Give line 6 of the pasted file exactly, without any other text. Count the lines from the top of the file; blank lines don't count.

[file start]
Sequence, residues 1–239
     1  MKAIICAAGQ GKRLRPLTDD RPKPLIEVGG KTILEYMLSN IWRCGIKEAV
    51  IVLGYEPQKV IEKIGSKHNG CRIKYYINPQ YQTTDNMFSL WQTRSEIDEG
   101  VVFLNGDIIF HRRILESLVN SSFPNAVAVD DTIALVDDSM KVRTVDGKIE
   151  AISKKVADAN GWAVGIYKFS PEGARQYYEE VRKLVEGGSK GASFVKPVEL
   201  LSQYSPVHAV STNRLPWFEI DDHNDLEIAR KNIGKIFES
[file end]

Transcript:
   201  LSQYSPVHAV STNRLPWFEI DDHNDLEIAR KNIGKIFES